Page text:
Macy Gray isn’t all about ego

· Sep 26, 2001 Tweet


Although it would be easy to pigeonhole Macy Gray into the categories of fresh, confident and R&B (Jill Scott, Erykah Badu, India.Arie), the Ohio native is simply too complex to categorize. Even though her songs are sonically a mile deep with hooks and grooves, they possess a singularity that removes them from the rest of the pack. This is unique stuff, sounding unlike anything else currently on the musical radar.

The uniqueness, of course, begins at Gray’s voice ? a gentle growl that owes as much to Tom Waits as it does to Billie Holiday. Her songs themselves are interesting slices of melancholy, tales of love gone wrong and love left unrequited. She never lets the listener off easy, especially when she’s delivering lyrics like “It’s amazing what a gun to the head can do/ Now my man loves me as hard as he can.”

Her first album, On How Life Is, was a revelation, the sound of a monumental talent being unleashed upon the world. Her new album, The Id, avoids the sophomore slump and cements her position near the top of the R&B/soul pack.

While nothing here is as memorable as 1998’s sweepingly beautiful “I Try,” there are moments in which Gray’s slightly bizarre brand of R&B nearly achieves the heights of that popular single. Right off the bat, “Relating to a Psychopath” sets the rules of the game: percolating grooves, catchy hooks and Gray’s ruggedly effective voice combined with off-kilter lyrics.

Throughout the album, Gray keeps insisting on her insanity, as she did recently in a creepy interview with Vibe. It often seems as though she is purposely making the songs as strange as possible, both in their content and in their presentation. This insistence seems increasingly strained and overdone every time she mentions it, but there is no doubt that these songs sound like the work of a troubled mind. Besides, right or wrong, as long as she keeps making music like this, her mental health will somehow seem secondary.

“Hey Young World II” is a classic example of her strange condition, a warm bit of advice to the younger generation in which Gray duets with convicted felon Slick Rick.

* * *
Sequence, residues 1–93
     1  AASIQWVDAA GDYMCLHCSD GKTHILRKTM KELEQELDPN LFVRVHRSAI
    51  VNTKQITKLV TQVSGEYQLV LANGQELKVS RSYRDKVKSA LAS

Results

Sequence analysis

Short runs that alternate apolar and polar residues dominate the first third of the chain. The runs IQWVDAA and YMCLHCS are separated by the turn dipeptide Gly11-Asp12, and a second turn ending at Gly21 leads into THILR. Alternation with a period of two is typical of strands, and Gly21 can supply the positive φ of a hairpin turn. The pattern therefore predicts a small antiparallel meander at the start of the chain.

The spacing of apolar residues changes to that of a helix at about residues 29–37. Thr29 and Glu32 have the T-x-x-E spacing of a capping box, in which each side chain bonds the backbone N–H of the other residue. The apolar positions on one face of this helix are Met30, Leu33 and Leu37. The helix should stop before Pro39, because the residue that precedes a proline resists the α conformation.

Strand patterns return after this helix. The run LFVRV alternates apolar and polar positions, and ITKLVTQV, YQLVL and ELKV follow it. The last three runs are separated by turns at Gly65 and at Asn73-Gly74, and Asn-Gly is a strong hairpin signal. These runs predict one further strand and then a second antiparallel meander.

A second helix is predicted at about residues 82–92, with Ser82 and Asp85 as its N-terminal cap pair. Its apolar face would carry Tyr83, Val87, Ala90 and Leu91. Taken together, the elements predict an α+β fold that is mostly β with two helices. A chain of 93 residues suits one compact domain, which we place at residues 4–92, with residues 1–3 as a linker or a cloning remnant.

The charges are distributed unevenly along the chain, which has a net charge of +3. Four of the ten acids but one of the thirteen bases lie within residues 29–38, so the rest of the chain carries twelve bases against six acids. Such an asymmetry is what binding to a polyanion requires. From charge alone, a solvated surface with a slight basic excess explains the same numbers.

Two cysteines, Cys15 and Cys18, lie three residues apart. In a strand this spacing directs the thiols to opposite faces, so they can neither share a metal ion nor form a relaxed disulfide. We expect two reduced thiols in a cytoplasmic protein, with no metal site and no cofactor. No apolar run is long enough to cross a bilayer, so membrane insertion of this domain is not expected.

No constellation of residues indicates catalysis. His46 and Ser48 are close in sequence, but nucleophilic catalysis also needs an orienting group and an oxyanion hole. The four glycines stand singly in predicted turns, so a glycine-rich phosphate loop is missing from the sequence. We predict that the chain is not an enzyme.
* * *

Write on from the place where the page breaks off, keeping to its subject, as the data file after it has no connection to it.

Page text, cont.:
“Freak Like Me,” the album’s highlight, is a classic marriage of heavy, orchestral soul and the continuing theme of mental instability.

There are more earnestly moving songs as well. “Sweet Thing,” which features co-vocals from Erykah Badu, is a tender love song, and “Boo” is an aching lament of the highest order. When Gray says “The way he treats me it’s obvious he’s confusing me with some dumb bitch who’ll stick around,” no listener can help but believe her. Finally, there’s “Sexual Revolution,” an excited rush in which gently insistent horns, sweeping strings and the grounded precision of the background vocals help create a get-down-and-groove number perfect for any block or house party.

The Id is not an album that provides easy answers, but one that holds much treasure for those who are willing to accept some ambiguity and complexity amidst the memorable choruses and infectious arrangements.

Despite her morose attitude (she told Vibe that she doesn’t expect to live to the age of thirty), Macy Gray has produced two albums of the richest, most rewarding music being made today. Let’s hope that her fatalistic prediction is more fiction than fact.


This article was published Sep 26, 2001 at 7:00 am and last updated Sep 26, 2001 at 7:00 am


UW-Madison's Premier Independent Student Newspaper

All Content © The Badger Herald, 1995 - 2023